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Massachusetts Latino population will soon hit 15 percent

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Massachusetts Latino population will soon hit 15 percent

New study projects population of 1.15 million by 2035

Yawu Miller
Yawu Miller
Yawu Miller is the Banner’s senior editor. VIEW BIO
Massachusetts Latino population will soon hit 15 percent
State Rep. Carlos Gonzalez speaks during a presentation on the state’s growing Latino population. Looking on are reps. Aaron Vega, Nika Elugardo and Jon Santiago. BANNER PHOTO

The Massachusetts Latino population is projected to reach 1.15 million in 2035, up from 757,000 in 2015, according to a study released last week by the Mauricio Gaston Institute for Latino Community Development and Public Policy. By 2035, Latinos are expected to account for 15 percent of the state’s population.

The growth in the Latino population will have far-ranging policy implications for how the state provides education, public health and public services, according to academics with the Gaston Institute and members of the Massachusetts Legislative Black and Latino Caucus who gathered at a State House briefing on the report.

Among the findings:

  • The Latino population will be younger than the state’s population as a whole, with most falling in the 25-29 age range, while the majority of the overall Massachusetts population is in the 40-44 range.
  • While Dominicans and Puerto Ricans make up the majority of the state’s Latino population, people from Mexico and Central and South America also make up a sizeable portion of the community.
  • Immigration accounts for much of the Latino community’s population growth, but the majority of the state’s Latino Population is and will continue to be native-born. Latinos as a group have a higher birthrate than whites, African Americans and Asians.
  • The surge in the state’s Latino population is likely to occur in the state’s so-called gateway cities — post-industrial communities such as Lawrence and Springfield.
  • Ten percent of the state’s 600,000 small businesses are owned by Latinos.
  • With an increased number of native Spanish-speakers in Massachusetts, more school districts may have to shift away from the sheltered English immersion model adopted in the state in 2002.

 

“The state needs to have other models for bilingual education and think about opportunities in our schools for increasing the high school graduation rate for English language learners,” Gaston Institute Director Lorna Rivera said.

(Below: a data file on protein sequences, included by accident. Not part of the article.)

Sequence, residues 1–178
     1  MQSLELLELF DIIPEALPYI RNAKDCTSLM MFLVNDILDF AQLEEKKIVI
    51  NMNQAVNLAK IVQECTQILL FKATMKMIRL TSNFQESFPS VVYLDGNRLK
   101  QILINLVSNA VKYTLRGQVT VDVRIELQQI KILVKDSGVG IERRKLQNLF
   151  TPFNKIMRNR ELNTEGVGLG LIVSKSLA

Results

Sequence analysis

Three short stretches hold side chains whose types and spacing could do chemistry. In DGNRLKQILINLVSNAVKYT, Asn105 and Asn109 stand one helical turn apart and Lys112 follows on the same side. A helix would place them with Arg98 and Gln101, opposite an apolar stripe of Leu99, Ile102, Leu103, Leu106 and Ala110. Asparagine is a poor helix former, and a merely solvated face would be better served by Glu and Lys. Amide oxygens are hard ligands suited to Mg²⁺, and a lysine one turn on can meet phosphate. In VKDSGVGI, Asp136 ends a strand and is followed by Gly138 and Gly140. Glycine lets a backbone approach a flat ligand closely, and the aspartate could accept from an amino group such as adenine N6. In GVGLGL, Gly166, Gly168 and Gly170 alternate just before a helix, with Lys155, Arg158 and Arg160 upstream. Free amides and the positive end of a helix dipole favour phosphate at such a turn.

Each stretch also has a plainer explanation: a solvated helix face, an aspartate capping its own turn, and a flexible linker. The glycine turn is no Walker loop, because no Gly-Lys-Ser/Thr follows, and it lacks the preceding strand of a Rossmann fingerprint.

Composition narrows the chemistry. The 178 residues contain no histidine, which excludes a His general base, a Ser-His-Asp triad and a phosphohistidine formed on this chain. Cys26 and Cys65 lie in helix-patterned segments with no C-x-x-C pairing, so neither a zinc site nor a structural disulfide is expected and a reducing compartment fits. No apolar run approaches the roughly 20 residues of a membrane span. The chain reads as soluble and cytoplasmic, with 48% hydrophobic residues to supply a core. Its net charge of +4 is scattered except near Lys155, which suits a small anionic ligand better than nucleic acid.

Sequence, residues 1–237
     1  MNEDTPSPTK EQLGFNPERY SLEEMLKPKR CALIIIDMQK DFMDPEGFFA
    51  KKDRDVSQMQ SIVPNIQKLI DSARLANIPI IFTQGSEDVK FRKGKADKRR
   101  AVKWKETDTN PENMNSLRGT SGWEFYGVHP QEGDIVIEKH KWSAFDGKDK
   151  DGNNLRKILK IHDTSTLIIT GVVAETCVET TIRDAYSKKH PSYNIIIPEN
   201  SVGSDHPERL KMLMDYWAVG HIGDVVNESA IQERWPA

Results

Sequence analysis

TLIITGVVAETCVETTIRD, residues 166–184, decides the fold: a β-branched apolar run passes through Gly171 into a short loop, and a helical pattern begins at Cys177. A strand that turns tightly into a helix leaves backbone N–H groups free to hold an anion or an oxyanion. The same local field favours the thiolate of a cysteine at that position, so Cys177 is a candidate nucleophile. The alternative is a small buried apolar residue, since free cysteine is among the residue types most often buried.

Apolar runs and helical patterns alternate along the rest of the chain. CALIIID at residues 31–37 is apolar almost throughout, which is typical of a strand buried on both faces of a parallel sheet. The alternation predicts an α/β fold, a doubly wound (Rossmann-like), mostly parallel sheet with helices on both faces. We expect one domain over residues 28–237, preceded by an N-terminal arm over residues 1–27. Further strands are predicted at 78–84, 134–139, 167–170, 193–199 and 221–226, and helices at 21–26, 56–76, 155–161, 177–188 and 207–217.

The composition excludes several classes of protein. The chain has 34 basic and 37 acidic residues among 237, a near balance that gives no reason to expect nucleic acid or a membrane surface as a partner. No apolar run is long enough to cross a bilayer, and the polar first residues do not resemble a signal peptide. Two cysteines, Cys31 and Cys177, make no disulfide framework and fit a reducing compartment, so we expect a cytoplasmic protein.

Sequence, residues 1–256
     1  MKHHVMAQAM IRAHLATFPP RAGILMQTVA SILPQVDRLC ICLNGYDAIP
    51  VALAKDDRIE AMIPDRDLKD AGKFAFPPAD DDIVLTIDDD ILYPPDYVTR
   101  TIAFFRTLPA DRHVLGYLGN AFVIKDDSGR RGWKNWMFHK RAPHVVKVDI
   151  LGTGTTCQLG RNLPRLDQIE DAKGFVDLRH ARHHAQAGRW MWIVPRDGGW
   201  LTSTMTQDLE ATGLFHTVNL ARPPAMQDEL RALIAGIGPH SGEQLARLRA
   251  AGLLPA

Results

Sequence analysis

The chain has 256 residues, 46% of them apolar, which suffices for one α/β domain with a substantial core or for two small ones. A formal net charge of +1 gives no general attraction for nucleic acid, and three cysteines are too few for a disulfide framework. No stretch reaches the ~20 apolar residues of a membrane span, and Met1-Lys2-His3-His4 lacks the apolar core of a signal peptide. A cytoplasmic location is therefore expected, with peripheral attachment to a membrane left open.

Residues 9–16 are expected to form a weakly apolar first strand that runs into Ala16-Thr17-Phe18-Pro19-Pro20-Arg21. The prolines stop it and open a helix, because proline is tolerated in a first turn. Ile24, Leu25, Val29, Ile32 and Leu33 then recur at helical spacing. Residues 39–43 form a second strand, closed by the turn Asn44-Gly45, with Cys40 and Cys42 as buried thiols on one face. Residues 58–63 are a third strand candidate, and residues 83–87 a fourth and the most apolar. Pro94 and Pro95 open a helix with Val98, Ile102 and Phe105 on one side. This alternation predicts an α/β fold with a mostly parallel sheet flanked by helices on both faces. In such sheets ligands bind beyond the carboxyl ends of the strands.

Gaston Institute Director Lorna Rivera speaks during a presentation at the State House. BANNER PHOTO

Gaston Institute Director Lorna Rivera speaks during a presentation at the State House. BANNER PHOTO

State Rep. Aaron Vega, whose district includes the city of Holyoke, with a Latino population of 50 percent, said dual language schools in his city are popular with both Latino and white families.

Rep. Nika Elugardo, whose district includes parts of Jamaica Plain, Roslindale, Mission Hill and Brookline, said it’s incumbent on state and local government to help communities respond to the needs of the state’s growing Latino population.

“If we’re going have a million Latinos in our state, what are we doing for non-Latinos to make sure that our cultural competence is up to par, to make sure more people are speaking Spanish, to make sure more businesses are receiving cultural competence training,” she said.

“The Latino communities have re-built the economic engines of downtown,” said Springfield Rep. Carlos Gonzalez, a former president of the Latino Chamber of Commerce. “We have to concentrate on micro-businesses development, with under five employees. Those are the businesses that create 89 percent of the employment in low-income communities.”

As the Latino population in Massachusetts has grown, so too has the political clout Latinos have exercised from local school committees to the State House.

Now, with seven House members and one senator, Latino political representation has expanded greatly since 1989, when former Rep. Nelson Merced became the first Latino elected to the State House. Merced’s victory, in the 5th Suffolk District seat currently held by Cape Verdean-American Liz Miranda, came after members of the then-Massachusetts Black Legislative Caucus advocated for the district to be redrawn so a Latino candidate could win election there.

The Black Caucus admitted Latino members for years before adding the word “Latino” to its name in 2009.

Gonzalez, who is the current chairman of the Caucus, noted that Latino electoral clout is growing in cities such as Springfield as Latino communities become better established. There are now two Latinas on the Springfield School Committee and two Latinos in the city council. Gonzalez said the Latino elected officials in Springfield work closely with the two African Americans on the school committee and five African Americans on the council.

“We’re a very cohesive group, working together,” he said. “We understand the issues are the same in black and brown communities.”

In addition to Vega, Elugardo and Gonzalez, other Caucus members in attendance at the Gaston Institute briefing included Haverhill Rep. Andy Vargas and Boston Rep. Jon Santiago, whose district includes parts of the South End and Roxbury neighborhoods.

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